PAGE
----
3. Will my living space and lifestyle be able to accommodate two cats?

When it comes to selecting a second cat, you have many options. Should you adopt a male or female cat? Male cats are more likely to establish dominance in the home and may fight with other male cats if they’re not neutered. Female cats tend to be more social and enjoy the companionship of other cats. 



If you have children in your home, it is crucial to consider their safety when deciding on a second cat. Be sure that any new pet is healthy and has not been abused in the past. Don’t forget to keep an eye out for territorial behavior from either of your cats and introduce them slowly to avoid problems.


Should I adopt a male or female cat?


That is a difficult question to answer since both male and female cats can make great companions. However, there are some differences that may influence your decision.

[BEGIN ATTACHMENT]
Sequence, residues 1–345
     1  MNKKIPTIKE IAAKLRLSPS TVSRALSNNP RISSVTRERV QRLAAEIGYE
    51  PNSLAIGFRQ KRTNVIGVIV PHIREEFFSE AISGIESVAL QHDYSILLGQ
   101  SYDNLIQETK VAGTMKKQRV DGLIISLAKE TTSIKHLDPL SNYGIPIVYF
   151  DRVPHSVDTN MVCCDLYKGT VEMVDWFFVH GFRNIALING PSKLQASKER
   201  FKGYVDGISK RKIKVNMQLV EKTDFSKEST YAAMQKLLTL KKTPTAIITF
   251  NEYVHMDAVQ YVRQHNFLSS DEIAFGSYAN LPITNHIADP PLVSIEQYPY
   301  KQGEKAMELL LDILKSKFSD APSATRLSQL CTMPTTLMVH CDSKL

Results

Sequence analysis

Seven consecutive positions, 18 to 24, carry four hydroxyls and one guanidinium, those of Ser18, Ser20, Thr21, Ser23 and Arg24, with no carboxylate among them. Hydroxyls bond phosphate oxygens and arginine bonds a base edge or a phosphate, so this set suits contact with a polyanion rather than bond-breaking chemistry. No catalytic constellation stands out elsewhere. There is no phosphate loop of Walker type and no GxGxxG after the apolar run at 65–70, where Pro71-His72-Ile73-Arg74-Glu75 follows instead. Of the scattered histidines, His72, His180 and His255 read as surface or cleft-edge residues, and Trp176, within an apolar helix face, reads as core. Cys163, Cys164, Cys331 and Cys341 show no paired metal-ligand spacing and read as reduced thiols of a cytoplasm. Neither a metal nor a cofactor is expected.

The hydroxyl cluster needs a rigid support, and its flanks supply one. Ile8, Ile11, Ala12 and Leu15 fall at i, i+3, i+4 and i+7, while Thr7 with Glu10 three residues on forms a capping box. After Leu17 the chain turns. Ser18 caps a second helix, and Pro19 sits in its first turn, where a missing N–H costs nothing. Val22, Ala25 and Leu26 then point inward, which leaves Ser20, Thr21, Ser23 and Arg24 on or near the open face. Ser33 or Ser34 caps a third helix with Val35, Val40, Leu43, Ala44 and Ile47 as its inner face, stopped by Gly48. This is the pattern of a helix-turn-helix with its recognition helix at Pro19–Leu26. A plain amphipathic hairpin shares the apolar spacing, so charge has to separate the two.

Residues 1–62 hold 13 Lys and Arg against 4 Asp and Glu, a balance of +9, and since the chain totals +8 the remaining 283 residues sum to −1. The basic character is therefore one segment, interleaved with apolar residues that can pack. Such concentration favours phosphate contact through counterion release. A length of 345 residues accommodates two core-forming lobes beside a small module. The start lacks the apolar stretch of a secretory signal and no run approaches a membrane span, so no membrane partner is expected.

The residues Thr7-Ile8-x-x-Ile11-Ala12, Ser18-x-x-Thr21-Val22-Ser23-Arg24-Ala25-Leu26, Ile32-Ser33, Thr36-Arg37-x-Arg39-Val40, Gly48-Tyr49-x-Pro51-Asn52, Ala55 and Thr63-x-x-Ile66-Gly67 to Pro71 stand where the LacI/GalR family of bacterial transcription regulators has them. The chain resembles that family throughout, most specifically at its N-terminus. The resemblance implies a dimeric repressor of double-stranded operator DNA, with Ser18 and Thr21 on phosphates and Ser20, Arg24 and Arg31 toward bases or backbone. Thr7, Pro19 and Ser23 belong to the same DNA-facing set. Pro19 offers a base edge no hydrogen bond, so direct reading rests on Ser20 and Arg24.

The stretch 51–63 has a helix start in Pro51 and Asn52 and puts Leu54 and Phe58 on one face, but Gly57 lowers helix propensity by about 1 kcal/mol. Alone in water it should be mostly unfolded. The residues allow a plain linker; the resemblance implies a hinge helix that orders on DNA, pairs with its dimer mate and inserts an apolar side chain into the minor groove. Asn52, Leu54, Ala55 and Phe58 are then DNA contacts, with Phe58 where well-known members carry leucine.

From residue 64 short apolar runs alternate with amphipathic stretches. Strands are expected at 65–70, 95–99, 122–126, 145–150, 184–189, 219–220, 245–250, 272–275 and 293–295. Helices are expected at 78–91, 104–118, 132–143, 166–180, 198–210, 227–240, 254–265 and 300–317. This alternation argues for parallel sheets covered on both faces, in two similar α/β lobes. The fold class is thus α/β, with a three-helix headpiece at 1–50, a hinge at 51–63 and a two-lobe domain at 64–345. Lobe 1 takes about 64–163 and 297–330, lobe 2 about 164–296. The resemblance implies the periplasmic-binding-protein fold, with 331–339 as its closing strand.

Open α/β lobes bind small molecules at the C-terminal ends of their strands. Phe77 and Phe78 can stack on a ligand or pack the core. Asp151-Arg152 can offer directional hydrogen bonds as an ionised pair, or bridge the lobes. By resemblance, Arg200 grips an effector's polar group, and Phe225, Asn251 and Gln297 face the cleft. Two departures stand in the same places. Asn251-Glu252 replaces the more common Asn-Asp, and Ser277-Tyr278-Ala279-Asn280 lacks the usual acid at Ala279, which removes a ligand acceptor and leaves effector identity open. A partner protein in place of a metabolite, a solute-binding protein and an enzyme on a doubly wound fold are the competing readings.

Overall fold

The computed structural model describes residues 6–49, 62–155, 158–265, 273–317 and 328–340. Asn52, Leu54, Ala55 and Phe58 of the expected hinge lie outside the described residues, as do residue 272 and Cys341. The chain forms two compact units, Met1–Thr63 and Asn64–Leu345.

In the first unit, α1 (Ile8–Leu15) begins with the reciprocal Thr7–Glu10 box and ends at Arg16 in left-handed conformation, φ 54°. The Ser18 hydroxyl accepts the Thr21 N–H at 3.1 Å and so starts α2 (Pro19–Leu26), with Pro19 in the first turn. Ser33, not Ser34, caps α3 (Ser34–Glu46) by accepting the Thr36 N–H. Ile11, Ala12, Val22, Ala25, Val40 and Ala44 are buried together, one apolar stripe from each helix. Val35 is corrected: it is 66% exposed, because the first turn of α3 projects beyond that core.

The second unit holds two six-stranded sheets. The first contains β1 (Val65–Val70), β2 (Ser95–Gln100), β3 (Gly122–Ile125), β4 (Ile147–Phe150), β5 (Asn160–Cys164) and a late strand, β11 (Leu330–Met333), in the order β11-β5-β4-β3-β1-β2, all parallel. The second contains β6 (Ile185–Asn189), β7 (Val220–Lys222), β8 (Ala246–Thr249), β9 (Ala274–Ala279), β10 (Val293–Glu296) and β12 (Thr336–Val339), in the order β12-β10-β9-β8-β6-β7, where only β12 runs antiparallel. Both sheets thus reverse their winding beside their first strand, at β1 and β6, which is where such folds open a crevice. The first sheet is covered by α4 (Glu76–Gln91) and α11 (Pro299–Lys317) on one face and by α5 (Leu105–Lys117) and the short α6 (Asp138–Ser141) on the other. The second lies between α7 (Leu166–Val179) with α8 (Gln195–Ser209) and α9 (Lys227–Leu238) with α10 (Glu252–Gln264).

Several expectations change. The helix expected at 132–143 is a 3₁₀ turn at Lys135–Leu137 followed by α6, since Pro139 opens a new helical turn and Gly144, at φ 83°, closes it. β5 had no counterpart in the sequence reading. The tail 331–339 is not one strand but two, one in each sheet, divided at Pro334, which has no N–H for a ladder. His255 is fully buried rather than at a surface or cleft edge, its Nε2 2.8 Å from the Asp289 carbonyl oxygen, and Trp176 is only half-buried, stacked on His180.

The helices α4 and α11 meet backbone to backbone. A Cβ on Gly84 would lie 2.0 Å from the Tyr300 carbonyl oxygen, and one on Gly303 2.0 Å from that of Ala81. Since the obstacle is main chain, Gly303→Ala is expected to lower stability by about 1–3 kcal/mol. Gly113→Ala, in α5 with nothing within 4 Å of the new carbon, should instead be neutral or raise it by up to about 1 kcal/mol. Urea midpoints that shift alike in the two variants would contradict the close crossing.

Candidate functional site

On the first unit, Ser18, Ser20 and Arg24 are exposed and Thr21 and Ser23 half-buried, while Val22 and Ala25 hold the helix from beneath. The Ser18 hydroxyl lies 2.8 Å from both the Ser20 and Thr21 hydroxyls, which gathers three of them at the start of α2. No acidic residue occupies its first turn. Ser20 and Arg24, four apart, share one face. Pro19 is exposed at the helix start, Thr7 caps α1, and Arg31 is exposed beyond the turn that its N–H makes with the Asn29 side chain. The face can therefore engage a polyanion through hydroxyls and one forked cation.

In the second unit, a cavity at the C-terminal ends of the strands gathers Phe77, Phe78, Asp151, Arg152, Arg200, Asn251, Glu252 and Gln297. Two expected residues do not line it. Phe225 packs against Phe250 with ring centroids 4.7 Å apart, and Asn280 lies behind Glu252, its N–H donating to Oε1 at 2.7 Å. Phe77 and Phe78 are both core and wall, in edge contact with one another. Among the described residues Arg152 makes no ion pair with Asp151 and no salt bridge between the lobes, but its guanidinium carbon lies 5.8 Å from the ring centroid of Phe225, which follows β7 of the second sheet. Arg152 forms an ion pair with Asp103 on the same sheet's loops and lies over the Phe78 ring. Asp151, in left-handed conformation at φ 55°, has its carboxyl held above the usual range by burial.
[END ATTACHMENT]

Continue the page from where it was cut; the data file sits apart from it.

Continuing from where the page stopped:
Male cats tend to be larger than females and may require more food and space to accommodate them. They also usually roam around more, so you should consider if you want a cat that is often outdoors or one that stays close to home. However, to avoid problems with straying, you can have your cat fixed so that he doesn’t roam to find a mate.  


On the other hand, female cats tend to be more affectionate and laid-back in nature compared to males. They also don’t roam as much, so they’re often content with staying at a single location. 


I live near a main road. Can I adopt a cat?


You can still adopt a cat if you live near a main road. However, it is essential to consider the risks associated with living in such an environment. Cats roaming freely outdoors may be more likely to find their way onto busy roads and get into accidents.